Meshech Chochma answers that the Torah here is not describing the location of the mizbach ha'ketores, but rather alluding to its function.  It is not merely there as a perfume bottle, but rather just as the aron is a vehicle for hashra'as haShechina, so too, the offering of ketores is a means to bring hashara'as haShechina to the Mikdash.

Thursday, March 19, 2020

sometimes it's a mitzvah not to show up

"1) Va'yitzav Moshe... al ya'asu od melacha l'terumas ha'kodesh" -- Moshe commanded the people, "No more donations needed for the Mishkan." 
"Va'yikalei ha'am mei'havi" -- the people stopped bringing. (35:5) 

Chasam Sofer comments that this was a mitzvah like any other mitzvah.  No one said, "Whew, I'm glad they are done hitting me up for donations."  Aderaba, people wanted to give, but they were commanded to stop and so they couldn't.  They said a "l'shem yichud" and put the money back into their wallets l'shem mitzvah just like they would have given it away l'shem mitzvah.

Given our present circumstances, this is where we are holding.  It would be great if we could have minyanim and in-person shiurim and chavrusas.  Is there anyone who is thinking, "Wow, glad I don't have to get up for minyan anymore?"  I don't think so.  But right now our mitzvah is "u'shmarten es nafshoseichem."  Right now our mitzvah is to not go to minyan and to do so l'shem mitzvah.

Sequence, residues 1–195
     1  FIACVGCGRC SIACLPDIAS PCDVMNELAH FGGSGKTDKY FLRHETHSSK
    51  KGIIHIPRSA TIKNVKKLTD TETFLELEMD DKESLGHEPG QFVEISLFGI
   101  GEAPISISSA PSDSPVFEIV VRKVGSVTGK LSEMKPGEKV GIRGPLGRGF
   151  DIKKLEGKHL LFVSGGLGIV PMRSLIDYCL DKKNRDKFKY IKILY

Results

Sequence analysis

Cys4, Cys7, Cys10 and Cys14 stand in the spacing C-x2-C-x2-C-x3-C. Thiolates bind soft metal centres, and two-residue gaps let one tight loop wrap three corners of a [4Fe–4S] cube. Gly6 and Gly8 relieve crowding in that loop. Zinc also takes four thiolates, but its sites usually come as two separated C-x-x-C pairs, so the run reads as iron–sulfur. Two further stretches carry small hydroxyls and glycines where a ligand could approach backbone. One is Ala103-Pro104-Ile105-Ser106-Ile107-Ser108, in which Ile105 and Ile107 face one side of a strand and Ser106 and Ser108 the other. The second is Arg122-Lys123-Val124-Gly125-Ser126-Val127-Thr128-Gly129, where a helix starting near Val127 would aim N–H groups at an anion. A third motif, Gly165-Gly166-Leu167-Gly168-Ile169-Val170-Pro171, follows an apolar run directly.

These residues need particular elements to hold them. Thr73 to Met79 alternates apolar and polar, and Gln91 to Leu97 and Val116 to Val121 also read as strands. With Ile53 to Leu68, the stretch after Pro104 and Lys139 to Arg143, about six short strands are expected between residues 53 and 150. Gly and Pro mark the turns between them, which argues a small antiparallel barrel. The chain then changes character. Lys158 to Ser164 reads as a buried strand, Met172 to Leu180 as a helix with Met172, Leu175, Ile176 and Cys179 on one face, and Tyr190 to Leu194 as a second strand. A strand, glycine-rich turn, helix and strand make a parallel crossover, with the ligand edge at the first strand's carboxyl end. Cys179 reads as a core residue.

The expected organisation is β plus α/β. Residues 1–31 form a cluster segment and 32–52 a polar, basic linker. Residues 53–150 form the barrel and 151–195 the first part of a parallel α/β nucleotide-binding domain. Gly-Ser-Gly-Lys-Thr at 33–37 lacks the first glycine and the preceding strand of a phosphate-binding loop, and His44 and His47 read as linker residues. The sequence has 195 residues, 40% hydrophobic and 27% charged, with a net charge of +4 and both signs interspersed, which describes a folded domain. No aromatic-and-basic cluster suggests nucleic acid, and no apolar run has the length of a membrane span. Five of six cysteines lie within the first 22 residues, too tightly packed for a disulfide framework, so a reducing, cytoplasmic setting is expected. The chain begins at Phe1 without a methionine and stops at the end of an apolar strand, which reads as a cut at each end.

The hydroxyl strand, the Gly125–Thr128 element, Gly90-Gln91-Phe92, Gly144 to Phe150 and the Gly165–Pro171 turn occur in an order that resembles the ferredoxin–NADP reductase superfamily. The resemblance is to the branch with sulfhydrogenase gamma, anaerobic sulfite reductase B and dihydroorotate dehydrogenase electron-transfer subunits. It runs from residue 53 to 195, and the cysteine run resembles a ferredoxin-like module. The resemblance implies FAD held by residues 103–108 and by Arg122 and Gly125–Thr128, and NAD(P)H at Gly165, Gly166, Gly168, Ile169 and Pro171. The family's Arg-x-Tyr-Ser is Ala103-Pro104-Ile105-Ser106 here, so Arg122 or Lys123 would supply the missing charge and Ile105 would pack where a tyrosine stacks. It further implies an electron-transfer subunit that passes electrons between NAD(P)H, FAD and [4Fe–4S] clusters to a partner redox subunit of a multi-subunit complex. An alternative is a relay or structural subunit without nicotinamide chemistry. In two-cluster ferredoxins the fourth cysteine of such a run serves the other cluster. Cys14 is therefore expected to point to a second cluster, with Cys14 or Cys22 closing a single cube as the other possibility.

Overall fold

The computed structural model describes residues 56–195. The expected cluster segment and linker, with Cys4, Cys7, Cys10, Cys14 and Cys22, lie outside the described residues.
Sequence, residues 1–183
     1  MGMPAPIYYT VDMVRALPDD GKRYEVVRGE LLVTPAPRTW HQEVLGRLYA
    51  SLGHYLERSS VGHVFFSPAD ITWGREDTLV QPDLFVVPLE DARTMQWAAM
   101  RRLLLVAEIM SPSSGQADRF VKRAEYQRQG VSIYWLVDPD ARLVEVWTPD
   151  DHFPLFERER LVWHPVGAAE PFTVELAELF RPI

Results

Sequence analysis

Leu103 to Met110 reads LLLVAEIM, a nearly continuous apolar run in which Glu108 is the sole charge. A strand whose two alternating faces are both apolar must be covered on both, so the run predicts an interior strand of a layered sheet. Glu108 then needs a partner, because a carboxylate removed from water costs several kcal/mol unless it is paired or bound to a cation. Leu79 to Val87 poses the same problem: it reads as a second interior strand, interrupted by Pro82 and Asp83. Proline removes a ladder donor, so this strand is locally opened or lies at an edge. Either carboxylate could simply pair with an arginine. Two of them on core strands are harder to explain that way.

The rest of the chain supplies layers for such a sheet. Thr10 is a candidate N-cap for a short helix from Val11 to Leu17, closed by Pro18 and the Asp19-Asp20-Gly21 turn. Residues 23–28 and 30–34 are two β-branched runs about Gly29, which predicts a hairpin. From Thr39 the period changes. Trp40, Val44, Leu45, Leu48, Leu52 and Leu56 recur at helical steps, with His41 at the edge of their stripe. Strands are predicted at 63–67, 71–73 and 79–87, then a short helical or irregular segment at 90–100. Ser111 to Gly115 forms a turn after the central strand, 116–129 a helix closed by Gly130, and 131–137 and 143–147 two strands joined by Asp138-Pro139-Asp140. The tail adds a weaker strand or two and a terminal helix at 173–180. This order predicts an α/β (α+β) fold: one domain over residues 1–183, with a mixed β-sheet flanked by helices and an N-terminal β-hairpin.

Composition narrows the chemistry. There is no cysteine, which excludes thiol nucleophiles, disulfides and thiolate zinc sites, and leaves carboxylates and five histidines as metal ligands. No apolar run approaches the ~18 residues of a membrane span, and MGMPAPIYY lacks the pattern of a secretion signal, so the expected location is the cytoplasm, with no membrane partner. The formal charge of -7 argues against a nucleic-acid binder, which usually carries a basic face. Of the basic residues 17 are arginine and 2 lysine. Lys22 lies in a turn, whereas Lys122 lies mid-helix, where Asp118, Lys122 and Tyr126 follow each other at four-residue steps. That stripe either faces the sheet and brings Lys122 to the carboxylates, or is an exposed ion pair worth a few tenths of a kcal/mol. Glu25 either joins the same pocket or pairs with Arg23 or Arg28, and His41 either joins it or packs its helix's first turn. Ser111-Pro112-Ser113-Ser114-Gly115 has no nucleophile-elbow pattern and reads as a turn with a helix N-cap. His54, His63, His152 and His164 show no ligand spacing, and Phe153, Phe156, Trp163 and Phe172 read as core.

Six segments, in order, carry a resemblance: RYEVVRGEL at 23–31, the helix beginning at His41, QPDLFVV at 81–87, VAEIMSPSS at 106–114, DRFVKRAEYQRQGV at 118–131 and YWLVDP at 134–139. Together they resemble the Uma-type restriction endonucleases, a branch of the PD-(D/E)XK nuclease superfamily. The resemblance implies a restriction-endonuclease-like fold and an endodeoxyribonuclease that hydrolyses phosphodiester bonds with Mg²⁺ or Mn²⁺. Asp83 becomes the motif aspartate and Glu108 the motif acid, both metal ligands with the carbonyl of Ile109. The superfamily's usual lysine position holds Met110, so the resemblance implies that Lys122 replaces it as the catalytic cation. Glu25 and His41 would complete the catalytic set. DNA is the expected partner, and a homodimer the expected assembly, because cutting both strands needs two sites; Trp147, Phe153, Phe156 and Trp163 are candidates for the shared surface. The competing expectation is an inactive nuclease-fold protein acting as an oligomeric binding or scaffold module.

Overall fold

Wednesday, March 18, 2020

controlling the situation

What I think drives people’s fear in the current situation is the feeling of loss of control.
A lot of people are familiar with the segulah of the Nefesh haChaim that internalizing “ain od milvado,” that all is in Hashem’s hands, can help a person overcome any and all difficulties.  The (mis)impression that one might walk away with is that man’s job is to simply surrender his fate to Hashem.  Nothing could be further from the truth.
The Nefesh haChaim starts his book by defining “tzelem Elokim” as meaning that like G-d, man is endowed with the ability to control the universe.  The pasuk davka uses the term “Elokim,” the name of G-d that refers to his capacity as “ba’al ha’kochos,” master of all forces in nature, because it is that power which Hashem built into our makeup. 
When our ability to control our environment is challenged, jeopardized, it shakes us to our core because that power of control is at the core of who we are.
But things are not out of our hands.  Nefesh haChaim writes (1:4):